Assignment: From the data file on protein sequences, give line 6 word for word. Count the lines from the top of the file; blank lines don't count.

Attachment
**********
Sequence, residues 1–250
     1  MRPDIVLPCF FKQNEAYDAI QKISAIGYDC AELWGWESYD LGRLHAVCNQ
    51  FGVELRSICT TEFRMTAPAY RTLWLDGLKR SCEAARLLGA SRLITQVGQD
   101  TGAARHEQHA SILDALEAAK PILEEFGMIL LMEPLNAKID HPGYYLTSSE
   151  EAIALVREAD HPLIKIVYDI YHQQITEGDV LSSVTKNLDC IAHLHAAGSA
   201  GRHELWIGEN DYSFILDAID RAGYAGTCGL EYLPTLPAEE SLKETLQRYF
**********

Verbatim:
   201  GRHELWIGEN DYSFILDAID RAGYAGTCGL EYLPTLPAEE SLKETLQRYF